by Dwight Bowman
The word “arthropod” means jointed body.
The most numerous organisms on earth, so in some respects, the
exoskeleton has been more successful than the backbone.
Fortunately, only a few are truly parasitic on humans.
Primitive arthropods are suggested to have a form that consists of a
body composed of a series of segments where each segment had a
pair of jointed appendages, one on each side; down the center of
the body extended the tube representing the digestive tract.
The exoskeleton, that part which gives them that distinctive “crunch” if
you ever happen to crush one, covers the outside of the body and is
composed of chitin.
To grow or to change their internal and external morphology (the
process of metamorphosis), arthropods must change the external
uticle that covers their body
cuticle that covers their body.
This they do through a process of laying down a new cuticle in a
process called molting, and then, the old cuticle is shed or ecdysed.
The body is composed of hollow spaces with a gut, heart (an open
circulatory system), and gills or tracheae for supplying air.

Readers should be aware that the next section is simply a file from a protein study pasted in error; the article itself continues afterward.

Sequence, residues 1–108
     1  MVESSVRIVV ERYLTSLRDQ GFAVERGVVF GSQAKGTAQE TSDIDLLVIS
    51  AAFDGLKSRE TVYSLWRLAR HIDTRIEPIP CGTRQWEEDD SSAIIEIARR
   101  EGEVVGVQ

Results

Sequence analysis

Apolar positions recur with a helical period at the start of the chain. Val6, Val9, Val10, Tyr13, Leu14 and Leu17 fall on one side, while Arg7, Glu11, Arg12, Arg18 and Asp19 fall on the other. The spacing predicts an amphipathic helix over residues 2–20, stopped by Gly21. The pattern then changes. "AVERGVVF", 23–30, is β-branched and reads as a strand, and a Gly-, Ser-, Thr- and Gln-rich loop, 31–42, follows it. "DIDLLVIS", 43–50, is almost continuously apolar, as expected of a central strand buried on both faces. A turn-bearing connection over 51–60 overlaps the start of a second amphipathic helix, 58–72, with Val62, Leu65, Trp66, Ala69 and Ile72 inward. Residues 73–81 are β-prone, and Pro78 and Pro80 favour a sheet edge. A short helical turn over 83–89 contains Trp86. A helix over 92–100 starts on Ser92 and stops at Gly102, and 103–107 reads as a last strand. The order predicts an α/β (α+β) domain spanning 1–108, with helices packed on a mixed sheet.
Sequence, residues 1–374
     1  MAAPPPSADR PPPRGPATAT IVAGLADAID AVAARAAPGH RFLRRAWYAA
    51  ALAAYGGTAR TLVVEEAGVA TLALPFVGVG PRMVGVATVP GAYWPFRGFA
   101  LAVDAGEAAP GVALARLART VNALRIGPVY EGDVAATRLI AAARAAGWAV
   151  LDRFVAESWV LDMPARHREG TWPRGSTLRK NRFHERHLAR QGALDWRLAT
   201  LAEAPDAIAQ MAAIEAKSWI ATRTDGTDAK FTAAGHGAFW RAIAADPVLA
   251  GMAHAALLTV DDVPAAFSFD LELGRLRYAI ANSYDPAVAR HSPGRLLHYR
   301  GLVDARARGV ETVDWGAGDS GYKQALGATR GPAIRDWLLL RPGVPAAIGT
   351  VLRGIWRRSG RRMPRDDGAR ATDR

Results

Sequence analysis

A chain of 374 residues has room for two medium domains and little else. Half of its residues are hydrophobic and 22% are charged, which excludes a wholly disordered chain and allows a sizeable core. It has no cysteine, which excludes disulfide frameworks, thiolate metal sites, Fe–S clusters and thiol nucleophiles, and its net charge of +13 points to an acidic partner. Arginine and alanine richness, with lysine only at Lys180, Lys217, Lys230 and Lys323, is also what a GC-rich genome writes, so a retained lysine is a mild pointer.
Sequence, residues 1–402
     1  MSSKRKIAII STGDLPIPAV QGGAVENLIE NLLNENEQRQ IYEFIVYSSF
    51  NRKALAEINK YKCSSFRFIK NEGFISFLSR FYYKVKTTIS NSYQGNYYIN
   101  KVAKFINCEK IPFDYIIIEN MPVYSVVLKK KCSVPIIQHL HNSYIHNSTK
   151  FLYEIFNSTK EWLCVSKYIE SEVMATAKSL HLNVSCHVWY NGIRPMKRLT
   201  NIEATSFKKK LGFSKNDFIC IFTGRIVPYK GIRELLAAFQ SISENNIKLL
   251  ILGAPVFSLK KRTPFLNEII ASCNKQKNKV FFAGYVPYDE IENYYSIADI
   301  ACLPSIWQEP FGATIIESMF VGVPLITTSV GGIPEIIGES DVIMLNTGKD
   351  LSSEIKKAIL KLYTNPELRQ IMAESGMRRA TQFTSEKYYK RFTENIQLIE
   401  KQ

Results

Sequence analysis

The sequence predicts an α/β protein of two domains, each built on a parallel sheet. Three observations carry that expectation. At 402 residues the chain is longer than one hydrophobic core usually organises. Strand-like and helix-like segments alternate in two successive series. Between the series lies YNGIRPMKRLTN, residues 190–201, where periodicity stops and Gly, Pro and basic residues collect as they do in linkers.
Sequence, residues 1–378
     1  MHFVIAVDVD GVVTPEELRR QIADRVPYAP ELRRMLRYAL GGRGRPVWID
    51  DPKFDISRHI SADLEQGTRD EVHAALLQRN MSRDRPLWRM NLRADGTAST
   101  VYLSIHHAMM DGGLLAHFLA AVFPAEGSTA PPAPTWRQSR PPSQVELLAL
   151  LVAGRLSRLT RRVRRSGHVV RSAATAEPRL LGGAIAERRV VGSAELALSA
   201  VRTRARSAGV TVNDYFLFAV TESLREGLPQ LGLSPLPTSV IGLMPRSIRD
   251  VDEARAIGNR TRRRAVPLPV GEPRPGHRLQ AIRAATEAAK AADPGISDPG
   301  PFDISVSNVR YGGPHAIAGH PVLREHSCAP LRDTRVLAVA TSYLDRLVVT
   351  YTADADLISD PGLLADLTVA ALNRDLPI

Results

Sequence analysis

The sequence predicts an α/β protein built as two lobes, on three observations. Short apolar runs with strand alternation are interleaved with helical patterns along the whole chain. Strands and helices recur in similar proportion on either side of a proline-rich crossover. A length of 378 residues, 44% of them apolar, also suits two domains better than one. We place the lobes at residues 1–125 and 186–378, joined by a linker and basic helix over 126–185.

Four major groups of Arthopods:
The Trilobites comprise a group known only from fossils.
The Crustacea compose the group that includes the well
known shrimp, lobster, crab, and crayfish, along with the
less well known copepods.
The Cheliceriformes include the horseshoe crabs and the
arachnids (the spiders, scorpions, mites, and ticks).
The Uniramia include the Myriapods (millipedes),
Chilopods (Centipedes), and the Insects (Hexapods).
There are some obvious differences in the morphology
f insects and arachnids
of insects and arachnids.
Adult insects have 6 legs, adult arachnids have 8 legs.
Adult insects have three major body divisions (head,
thorax, and abdomen); adult arachnids have two basic
body divisions (cephalothorax and abdomen).
Given that name, because they have two wings (other groups of
insects that fly often have four wings such as the Lepidoptera
(butterflies) and Hymenoptera (wasps)).
The second set of wings on a dipteran is actually replaced with
(one haltere on each side) which function to
maintain the balance of the flies.
The Diptera is a huge group containing many species (more than
85,000), and a lot of these species are beneficial in that they assist
among other things in the process of decomposition of various organic
matter such as carcasses.
Unfortunately, some of the diptera have developed life cycles that
require the use of a vertebrate host, this may be for the purpose of
obtaining a blood or tissue fluid to nourish eggs developing in the
female or just adult flies in general, or they may use vertebrates as sites
of larval development.